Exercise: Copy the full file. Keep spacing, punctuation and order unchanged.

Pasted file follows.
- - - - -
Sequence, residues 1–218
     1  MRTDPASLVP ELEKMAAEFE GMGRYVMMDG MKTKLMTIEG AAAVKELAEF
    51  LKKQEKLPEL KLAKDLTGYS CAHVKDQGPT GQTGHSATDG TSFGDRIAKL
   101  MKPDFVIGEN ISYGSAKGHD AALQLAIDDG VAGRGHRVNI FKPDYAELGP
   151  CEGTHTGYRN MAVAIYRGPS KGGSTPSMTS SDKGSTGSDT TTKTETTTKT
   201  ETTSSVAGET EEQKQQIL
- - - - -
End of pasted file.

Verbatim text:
Sequence, residues 1–218
     1  MRTDPASLVP ELEKMAAEFE GMGRYVMMDG MKTKLMTIEG AAAVKELAEF
    51  LKKQEKLPEL KLAKDLTGYS CAHVKDQGPT GQTGHSATDG TSFGDRIAKL
   101  MKPDFVIGEN ISYGSAKGHD AALQLAIDDG VAGRGHRVNI FKPDYAELGP
   151  CEGTHTGYRN MAVAIYRGPS KGGSTPSMTS SDKGSTGSDT TTKTETTTKT
   201  ETTSSVAGET EEQKQQIL